A Canadian firm is planning to invest more than a quarter of a billion dollars in the largest strategic metals mine in the United States on 8,000 acres of U.S. Forest Service land near this isolated community 360 miles north of San Francisco.

California Nickel Corp. says the mine, to be developed on a scrub-covered 2,620-foot laterite dirt ridge, could produce enough cobalt to supply 75 percent of the U.S. defense needs over at least the next 18 years. It also is expected to produce vast quantities of nickel and chromium, all of which are in short supply in defense stockpiles, and many of which are purchased from Soviet-bloc or southern African nations.

But development of the mine has kicked off a classic dispute between environmentalists, who say the operation will ruin the near-wilderness coastal area, and economic forces, who say Crescent City and the surrounding Del Norte County can't survive without it.

Currently, 25.9 percent of the employable residents of this little seacoast town (pop. 2,500) are collecting unemployment insurance. It is estimated, however, that as much as 40 percent of the work force is unemployed because the timber and fishing industries--the employment mainstays--have been in such a prolonged slump that employment benefit funds have run out for many.

Cal Nickel says it intends to provide 450 jobs a year over the next 18 years in a county where the workforce numbers only 7,000. County Assessor Gerald D. Cochran estimates the multiplier effect means as many as 1,500 will go to work when the mine gets under way. As much as $1.5 billion will be added to the county tax rolls, he says.

"People are waiting for these jobs with open teeth," said Gerald Oxford, a 16-year lumber worker idled two years ago. "They're so hungry."

But there are tradeoffs. The proposed mine site is the middle of the watershed of the Smith River, a tumbling whitewater stream so clear it glints blue in the midwinter sun. California State Resources Agency Secretary Huey Johnson considers the Smith California's most precious wild river.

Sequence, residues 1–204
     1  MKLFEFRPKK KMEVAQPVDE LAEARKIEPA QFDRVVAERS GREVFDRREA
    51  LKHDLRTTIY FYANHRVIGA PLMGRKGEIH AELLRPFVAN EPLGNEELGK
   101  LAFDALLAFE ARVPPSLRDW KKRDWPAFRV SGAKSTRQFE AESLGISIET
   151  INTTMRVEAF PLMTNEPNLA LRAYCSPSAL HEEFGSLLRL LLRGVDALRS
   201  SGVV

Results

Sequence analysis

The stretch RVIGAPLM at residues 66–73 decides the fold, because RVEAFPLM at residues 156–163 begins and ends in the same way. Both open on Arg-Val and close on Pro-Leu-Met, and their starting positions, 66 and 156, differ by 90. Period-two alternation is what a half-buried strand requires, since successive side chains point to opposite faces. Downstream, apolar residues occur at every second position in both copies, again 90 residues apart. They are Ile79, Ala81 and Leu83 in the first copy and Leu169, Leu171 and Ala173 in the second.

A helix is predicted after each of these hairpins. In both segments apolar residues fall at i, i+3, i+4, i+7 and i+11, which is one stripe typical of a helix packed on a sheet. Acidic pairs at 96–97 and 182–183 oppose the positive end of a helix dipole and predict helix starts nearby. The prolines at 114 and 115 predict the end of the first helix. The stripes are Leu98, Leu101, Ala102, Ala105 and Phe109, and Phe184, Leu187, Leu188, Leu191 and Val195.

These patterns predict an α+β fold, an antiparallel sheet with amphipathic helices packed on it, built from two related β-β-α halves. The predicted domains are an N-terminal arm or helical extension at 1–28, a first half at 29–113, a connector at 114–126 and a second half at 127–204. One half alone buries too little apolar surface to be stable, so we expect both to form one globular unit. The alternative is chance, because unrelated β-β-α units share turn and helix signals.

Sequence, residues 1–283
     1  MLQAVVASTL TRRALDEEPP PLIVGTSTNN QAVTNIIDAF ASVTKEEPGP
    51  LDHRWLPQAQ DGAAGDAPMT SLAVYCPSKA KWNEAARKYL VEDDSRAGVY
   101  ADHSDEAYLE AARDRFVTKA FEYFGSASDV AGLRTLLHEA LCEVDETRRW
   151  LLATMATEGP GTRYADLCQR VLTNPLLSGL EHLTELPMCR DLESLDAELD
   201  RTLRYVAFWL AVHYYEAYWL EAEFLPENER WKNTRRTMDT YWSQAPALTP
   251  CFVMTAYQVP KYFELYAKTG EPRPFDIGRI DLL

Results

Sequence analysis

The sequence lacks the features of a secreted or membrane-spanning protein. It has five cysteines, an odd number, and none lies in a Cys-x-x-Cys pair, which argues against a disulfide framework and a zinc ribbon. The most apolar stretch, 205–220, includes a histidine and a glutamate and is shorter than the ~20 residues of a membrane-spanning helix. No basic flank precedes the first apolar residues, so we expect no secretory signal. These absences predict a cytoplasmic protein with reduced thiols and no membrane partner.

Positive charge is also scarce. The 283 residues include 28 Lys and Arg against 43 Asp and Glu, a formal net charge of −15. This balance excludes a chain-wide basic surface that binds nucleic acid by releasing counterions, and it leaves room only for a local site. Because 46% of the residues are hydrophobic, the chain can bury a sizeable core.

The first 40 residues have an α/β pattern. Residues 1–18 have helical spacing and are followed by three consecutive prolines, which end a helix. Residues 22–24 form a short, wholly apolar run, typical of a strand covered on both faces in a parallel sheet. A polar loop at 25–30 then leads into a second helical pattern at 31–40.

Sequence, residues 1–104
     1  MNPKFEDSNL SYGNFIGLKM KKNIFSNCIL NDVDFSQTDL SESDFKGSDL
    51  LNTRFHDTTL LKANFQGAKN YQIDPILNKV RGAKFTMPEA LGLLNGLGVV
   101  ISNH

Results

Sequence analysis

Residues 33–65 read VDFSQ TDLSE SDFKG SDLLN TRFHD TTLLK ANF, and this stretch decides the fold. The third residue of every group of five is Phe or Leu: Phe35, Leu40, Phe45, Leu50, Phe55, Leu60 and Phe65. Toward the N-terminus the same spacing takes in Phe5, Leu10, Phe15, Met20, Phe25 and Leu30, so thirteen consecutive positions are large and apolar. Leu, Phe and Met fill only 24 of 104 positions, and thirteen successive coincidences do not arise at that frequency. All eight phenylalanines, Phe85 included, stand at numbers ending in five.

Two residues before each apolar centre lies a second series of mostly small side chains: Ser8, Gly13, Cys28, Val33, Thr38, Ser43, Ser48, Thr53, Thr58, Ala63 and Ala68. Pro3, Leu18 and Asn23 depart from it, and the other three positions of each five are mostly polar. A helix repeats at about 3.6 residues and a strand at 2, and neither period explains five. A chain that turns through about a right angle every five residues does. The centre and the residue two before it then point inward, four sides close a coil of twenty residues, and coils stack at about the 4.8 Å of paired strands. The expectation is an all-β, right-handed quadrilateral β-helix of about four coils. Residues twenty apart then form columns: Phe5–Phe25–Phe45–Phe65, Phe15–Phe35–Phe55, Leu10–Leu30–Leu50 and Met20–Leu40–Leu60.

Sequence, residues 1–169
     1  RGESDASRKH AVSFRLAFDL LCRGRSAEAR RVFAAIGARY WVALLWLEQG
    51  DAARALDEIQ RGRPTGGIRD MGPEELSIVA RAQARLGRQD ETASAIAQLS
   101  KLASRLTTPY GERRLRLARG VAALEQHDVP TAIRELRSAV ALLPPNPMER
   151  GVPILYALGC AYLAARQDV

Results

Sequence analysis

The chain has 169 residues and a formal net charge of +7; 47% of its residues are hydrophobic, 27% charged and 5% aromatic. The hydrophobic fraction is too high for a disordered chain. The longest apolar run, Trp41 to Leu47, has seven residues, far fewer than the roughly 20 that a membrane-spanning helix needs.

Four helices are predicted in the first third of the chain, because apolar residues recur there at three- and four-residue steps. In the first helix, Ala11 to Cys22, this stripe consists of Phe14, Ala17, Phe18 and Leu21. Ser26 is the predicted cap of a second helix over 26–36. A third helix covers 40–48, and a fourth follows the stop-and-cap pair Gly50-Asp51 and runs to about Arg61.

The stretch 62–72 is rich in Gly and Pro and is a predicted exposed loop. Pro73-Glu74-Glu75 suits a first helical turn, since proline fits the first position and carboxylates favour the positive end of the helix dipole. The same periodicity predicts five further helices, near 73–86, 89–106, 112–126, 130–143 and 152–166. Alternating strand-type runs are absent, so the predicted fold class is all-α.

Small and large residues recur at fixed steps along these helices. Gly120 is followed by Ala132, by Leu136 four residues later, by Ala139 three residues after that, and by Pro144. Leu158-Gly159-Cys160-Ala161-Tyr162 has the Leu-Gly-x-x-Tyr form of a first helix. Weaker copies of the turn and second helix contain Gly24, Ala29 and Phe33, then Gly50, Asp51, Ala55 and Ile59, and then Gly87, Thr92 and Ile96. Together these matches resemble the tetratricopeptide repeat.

It is the only river in the state's wild and scenic river system to be completely undammed anywhere on any of its tributaries. And for the chemical plant the company intends to build on Gasquet (pronounced GAS-key) Mountain, the company wants to build a dam as high as a 15-story building on Hardscrabble Creek, a tributary of the Smith. Having won exemptions from both the federal and state wild and scenic rivers acts, the company must now get 17 permits from 58 state, local and federal agencies.

If the plant is ever built, Cal Nickel also plans a 375-foot-tall smokestack to disperse the refuse from burning hundreds of tons of coal per day in the chemical processing plant. An estimated 99.2 percent of all of the sulfur dioxide created by the burning coal will be captured and used in a sulfuric acid leach process to extract the minerals, according to Lee Hescock, Cal Nickel's Crescent City operations manager. The rest will go up the stack, and that means four to five tons a day of the primary ingredient for acid rain, environmentalists are warning.

Also, according to the mine's critics, a draft environmental impact report produced last spring by the company said enough nitrous oxide to equal the effect of 65,000 cars in a downtown city will be produced daily by the plant. The report was later withdrawn because the firm switched plans to a different metal extraction process, but the new process isn't expected to change particulate levels significantly.